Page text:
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Busy Luggage (or how I learned to stop worrying and love the bomb)

In my 2nd or 3rd year at Loring, I was told to go to Munitions Control for 6 months.  The Munitions Control room directed, coordinated, planned and scheduled all items associated with weapons at Loring.  This included our full range of nuclear weapons.

Every year there were special "practice" drop's of weapons, with the Short Range Attack Missile's test launch called "Bullet Blitz", and the test drop of gravity nuclear bombs called "Busy Luggage".  

While I was on duty one day, we had a scheduled Busy Luggage mission, involving one B-52 carrying two BDU (Bomb Dummy Units) of a specific nuclear weapon type.  These looked very similar to a real nuke, except (for one important difference) there was no nuclear or explosives in the bomb.  

At that time, we had a big status display board that would have little magnetic labels of each "Clip" (the little trailer that carried the bombs) displayed on the board as to it's name and location.  

The "Busy Luggage" clip was visually unique in that it only had two bombs on it, whereas normally there would be 4.  So, the night before, a workorder was made up, with the serial numbers of the Bomb Dummy Units, and given to our handler crews.

They would go out to the structure, open the doors, and find the clip (we would've told them it's in the right rear corner, for instance), and verified the serial numbers, then hooked up and taken it to the awaiting bomber.

I should mention that since there was just a very small explosive charge in the bomb, there would be no need for the full security of a weapons convoy.  A single LE (Law Enforcement) vehicle would escort the load out to the fliteline.

That morning I coordinated the movement, and after the crew hooked up to the clip, I notified LE's to meet them at the Weapons Storage Area gate, and escort them to the fliteline.  Since this was not a high security movement, there was no checking in every 30 seconds or so like we would do on a "real" movement.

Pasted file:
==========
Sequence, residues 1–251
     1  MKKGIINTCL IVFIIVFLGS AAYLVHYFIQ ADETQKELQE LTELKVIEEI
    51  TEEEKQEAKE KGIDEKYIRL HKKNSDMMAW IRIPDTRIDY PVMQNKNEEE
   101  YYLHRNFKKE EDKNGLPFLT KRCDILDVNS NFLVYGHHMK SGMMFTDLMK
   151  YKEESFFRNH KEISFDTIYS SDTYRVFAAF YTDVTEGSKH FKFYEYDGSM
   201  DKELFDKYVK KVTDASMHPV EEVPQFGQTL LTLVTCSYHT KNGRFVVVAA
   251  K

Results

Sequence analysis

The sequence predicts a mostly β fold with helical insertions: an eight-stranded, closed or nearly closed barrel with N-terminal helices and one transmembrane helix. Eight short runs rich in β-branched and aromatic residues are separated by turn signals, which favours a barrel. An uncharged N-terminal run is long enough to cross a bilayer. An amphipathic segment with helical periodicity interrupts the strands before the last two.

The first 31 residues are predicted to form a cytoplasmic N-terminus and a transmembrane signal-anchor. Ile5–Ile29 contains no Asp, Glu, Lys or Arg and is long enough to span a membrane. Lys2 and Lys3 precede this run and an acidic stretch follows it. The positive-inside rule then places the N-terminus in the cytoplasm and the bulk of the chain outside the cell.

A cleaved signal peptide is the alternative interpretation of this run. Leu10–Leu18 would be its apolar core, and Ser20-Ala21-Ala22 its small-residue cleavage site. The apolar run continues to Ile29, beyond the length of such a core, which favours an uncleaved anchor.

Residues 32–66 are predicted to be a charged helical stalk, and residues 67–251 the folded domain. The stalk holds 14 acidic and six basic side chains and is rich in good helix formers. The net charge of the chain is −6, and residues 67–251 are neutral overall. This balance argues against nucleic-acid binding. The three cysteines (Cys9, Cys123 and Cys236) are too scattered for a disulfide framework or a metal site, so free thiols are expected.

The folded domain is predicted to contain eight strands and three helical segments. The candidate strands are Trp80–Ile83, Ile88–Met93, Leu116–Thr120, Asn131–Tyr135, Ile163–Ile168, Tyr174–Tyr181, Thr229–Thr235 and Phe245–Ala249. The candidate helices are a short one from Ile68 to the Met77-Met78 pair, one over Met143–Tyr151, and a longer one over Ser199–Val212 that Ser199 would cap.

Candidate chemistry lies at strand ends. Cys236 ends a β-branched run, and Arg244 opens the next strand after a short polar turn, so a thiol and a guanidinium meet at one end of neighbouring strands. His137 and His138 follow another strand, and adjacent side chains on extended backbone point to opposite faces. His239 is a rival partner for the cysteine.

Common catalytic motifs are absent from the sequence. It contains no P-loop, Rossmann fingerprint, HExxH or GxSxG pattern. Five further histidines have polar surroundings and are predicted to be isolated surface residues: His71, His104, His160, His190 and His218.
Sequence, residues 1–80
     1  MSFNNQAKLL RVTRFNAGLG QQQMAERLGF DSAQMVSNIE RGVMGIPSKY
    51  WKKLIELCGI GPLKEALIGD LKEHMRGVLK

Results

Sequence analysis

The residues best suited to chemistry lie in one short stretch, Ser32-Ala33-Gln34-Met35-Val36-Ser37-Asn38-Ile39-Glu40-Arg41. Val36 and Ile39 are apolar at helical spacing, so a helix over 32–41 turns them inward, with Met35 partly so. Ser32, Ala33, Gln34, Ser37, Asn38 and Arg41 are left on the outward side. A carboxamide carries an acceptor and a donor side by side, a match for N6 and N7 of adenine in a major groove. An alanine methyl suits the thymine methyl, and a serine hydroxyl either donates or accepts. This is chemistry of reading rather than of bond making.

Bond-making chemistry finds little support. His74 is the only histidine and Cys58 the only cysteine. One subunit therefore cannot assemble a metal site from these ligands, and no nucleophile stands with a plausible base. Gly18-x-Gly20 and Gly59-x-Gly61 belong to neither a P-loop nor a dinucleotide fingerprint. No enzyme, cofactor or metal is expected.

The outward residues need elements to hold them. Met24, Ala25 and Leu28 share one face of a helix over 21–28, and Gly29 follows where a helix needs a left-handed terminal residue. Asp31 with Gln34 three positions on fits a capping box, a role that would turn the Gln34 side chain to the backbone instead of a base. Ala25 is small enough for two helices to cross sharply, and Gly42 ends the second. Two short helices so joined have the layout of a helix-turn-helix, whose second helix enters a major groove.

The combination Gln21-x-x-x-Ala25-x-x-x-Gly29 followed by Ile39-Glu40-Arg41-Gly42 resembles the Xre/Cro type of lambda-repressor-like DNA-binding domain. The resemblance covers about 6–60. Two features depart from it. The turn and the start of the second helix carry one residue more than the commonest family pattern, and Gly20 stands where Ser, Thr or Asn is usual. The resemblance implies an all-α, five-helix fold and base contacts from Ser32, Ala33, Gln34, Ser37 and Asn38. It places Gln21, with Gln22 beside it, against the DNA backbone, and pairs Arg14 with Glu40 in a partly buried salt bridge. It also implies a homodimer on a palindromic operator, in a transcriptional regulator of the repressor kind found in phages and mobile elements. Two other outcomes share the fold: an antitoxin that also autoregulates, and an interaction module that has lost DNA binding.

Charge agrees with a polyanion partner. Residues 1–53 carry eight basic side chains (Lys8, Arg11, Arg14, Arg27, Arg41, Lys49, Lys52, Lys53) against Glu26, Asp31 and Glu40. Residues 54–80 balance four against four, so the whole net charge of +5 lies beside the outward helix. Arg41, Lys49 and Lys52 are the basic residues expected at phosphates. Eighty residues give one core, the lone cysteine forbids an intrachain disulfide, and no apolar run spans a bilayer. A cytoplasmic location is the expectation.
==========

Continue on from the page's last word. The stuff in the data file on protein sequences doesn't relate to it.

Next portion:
About 3 mins after they left the gate and were on their way to the fliteline, I received a frantic call from the guard shack at the WSA.  It was one of the tech's who worked on the weapons, and he was all excited.

"What are they pulling live weapons out of the WSA without a convoy for?" he yelled at me over the phone.  I told him not to worry, it was the Busy Luggage clip and only needed the LE escort.

"That's no Busy Luggage clip" he yelled.  "That's a REAL clip of nukes!".  He confirmed for me that the clip they pulled out of the WSA with had FOUR bombs, and the Busy Luggage clip was supposed to only have TWO bombs.

Now things got heated up real fast.  I contacted the crew and told them to stop where they were and take a defense position around the truck.  I contacted the Security Forces at the gate and told them what happened and to immediately respond to the location.  I also notified the MMS commander, who came in mad and confused.

We got the weapons turned around and safely put back to bed.  But now, questions needed answering.  The Wing Commander called a special meeting and I had to brief what I knew.  What had happened was this:  The Handler crew, being in a hurry and preoccupied with other thoughts, went to the correct structure, and hooked up to the clip in the corner; however, they DID NOT check the Serial Numbers, and DID NOT see there were 4 bombs instead of 2.  The LE's didn't know anything, so they were merrily escorting live nuclear weapons out to the flight line.  We may assume there would've been a very small possibility that the Crew Chief might have accepted the weapon's from the handling crew, and maybe the air crew would've accepted them too.  (This was a pretty routine mission).  Well, if everything worked according to FUBAR, that would've been some fireworks show out in the desert.

Needless to say, after my briefing, a secret meeting was held and it was determined that the event...never happened.  No one was told outside the base, and as far as I know, it disappeared into the ether...until today...

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